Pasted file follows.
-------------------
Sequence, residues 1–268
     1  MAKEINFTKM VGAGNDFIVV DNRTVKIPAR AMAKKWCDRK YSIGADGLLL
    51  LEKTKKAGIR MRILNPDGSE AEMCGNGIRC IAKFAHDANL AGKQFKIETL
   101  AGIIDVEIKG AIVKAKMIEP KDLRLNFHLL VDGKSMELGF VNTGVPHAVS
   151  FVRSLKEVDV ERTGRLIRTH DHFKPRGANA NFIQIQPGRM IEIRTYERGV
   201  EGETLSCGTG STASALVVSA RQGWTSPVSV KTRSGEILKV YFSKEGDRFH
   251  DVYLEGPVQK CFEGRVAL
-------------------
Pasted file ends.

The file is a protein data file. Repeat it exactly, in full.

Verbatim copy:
Sequence, residues 1–268
     1  MAKEINFTKM VGAGNDFIVV DNRTVKIPAR AMAKKWCDRK YSIGADGLLL
    51  LEKTKKAGIR MRILNPDGSE AEMCGNGIRC IAKFAHDANL AGKQFKIETL
   101  AGIIDVEIKG AIVKAKMIEP KDLRLNFHLL VDGKSMELGF VNTGVPHAVS
   151  FVRSLKEVDV ERTGRLIRTH DHFKPRGANA NFIQIQPGRM IEIRTYERGV
   201  EGETLSCGTG STASALVVSA RQGWTSPVSV KTRSGEILKV YFSKEGDRFH
   251  DVYLEGPVQK CFEGRVAL